The legal profession involves the application of complex laws, regulations, and principles to specific situations and issues. This requires an analytical understanding of relevant legal principles and how they apply to the specific facts and circumstances at hand. Further, lawyers must also be able to communicate effectively with clients and other stakeholders, and to advocate on behalf of their clients in a variety of settings.

As such, if people are the primary factor through which efficiency will be gained, the way in which legal counsel are integrated to perform their tasks is key to achieving these goals and shaping the future.

Leaders who wish to achieve efficiencies, create team cohesion, and foster productivity in the future, must implement a productivity plan centered on people and objectives and key results — not micromanagement. This opens the door for the adoption of new working methods, including short-term legal support for an in-house legal department.

Integration and flexible work arrangements for legal professionals

The increased speed of business and budgetary pressures have led to economic uncertainty and cost-cutting measures for many businesses, making alternative legal service providers, which often offer more cost-effective solutions, more appealing.

ALSPs are companies that offer legal services to clients outside of the traditional law firm model. Organizations of all sizes and industries can benefit from the solutions offered by ALSPs. From small companies with annual revenue under US$25 million, to large multinational corporations exceeding US$50 billion, as well as nonprofits.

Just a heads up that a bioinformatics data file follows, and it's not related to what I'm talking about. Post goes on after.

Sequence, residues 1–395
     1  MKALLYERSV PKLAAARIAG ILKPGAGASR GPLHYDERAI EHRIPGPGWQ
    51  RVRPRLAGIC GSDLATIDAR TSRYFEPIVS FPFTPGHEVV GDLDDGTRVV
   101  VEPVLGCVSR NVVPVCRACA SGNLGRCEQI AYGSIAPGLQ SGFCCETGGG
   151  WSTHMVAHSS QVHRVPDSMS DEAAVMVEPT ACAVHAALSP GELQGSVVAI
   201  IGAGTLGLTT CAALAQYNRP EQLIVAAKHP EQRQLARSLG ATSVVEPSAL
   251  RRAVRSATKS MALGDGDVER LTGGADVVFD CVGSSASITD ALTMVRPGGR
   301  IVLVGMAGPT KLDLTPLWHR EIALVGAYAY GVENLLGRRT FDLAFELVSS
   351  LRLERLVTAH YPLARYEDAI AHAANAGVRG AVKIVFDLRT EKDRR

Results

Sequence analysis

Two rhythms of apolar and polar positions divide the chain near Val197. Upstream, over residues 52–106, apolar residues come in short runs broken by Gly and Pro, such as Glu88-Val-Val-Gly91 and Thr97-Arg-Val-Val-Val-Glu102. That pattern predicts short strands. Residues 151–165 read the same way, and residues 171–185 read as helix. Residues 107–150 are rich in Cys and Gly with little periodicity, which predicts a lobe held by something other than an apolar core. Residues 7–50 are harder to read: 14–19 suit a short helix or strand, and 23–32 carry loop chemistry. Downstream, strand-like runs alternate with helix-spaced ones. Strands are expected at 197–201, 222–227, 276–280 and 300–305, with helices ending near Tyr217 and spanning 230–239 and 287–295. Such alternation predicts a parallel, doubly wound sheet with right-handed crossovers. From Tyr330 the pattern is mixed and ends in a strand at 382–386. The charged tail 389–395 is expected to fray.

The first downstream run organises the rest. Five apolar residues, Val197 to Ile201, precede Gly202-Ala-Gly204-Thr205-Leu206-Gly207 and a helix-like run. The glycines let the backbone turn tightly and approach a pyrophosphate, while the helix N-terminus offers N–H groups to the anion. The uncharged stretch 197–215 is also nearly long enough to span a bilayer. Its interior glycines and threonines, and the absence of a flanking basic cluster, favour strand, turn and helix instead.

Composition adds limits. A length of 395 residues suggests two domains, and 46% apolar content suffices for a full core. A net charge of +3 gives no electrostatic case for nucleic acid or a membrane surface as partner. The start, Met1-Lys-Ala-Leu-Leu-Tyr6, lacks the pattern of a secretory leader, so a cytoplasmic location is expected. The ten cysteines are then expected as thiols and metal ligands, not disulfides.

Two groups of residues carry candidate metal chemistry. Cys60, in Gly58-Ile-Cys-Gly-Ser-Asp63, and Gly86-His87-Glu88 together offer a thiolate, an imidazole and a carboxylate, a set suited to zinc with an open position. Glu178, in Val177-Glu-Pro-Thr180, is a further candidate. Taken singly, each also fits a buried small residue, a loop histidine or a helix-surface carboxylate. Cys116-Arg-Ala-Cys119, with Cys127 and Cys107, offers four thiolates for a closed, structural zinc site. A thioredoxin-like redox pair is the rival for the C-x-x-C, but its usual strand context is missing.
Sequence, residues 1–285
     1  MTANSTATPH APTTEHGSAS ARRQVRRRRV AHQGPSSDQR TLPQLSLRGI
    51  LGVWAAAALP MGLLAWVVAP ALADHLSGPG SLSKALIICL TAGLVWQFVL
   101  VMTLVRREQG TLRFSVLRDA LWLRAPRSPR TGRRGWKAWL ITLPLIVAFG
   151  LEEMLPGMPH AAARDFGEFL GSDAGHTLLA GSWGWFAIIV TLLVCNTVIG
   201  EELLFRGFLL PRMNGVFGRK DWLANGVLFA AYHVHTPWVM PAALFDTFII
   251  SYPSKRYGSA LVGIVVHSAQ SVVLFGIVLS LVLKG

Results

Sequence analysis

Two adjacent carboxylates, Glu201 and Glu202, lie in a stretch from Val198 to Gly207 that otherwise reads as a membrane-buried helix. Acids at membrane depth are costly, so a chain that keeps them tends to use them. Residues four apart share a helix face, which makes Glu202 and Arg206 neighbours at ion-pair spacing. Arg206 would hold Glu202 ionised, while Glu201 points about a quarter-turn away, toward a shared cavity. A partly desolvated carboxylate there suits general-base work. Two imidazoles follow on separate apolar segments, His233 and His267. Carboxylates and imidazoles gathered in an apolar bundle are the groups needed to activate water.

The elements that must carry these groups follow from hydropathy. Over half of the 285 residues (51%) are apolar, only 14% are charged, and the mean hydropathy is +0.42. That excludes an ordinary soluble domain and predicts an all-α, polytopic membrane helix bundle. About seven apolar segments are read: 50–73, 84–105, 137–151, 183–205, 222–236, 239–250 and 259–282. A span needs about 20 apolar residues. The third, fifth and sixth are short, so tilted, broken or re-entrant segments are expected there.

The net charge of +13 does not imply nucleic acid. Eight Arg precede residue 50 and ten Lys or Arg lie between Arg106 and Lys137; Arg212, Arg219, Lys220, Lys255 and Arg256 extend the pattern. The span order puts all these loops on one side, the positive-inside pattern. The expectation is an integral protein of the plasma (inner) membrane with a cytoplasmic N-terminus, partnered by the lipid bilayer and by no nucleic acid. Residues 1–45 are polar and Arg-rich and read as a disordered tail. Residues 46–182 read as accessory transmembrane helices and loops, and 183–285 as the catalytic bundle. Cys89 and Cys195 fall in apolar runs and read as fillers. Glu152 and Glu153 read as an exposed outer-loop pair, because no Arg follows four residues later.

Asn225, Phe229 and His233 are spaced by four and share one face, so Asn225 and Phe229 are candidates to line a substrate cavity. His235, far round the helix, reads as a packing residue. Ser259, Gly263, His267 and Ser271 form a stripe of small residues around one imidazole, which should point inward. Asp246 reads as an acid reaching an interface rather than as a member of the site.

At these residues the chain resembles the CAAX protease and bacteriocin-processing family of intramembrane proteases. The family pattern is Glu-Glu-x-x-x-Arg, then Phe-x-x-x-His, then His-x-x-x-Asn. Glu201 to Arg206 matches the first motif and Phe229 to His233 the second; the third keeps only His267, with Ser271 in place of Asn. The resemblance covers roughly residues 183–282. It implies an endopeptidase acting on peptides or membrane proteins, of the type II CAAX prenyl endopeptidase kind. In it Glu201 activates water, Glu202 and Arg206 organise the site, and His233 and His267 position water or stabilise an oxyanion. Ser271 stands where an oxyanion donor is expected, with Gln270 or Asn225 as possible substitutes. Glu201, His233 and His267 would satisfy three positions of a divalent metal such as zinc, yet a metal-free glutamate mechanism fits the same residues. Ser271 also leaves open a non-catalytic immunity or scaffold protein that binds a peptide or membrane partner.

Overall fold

ALSPs typically provide specialized legal services on a project basis, adding value to legal departments through driving technology, improving quality and speed of legal service delivery, and optimizing processes for optimal delegation of legal work within the organization. They bring a wealth of tools and solutions to legal departments, enhancing agility and variability. ALSPs support the trend toward flexible, distributed work teams and are an ideal solution for modern legal operating models that prioritize people, process, and technology.

One way ALSPs augment technology is by implementing contract management systems to streamline contract workflows and delegate work to a hybrid legal workforce. They improve processes by implementing project management tools that delegate work to the appropriate seniority and experience level within the legal team. Furthermore, ALSPs can flexibly augment the legal team — that is people — by adding new skills or expanding capacity on legal projects and daily tasks to effectively manage in-house legal workload.

An ALSP might be hired to:

  • Review and redact documents for a large-scale discovery process, or to assist with contract review and drafting for a specific business transaction.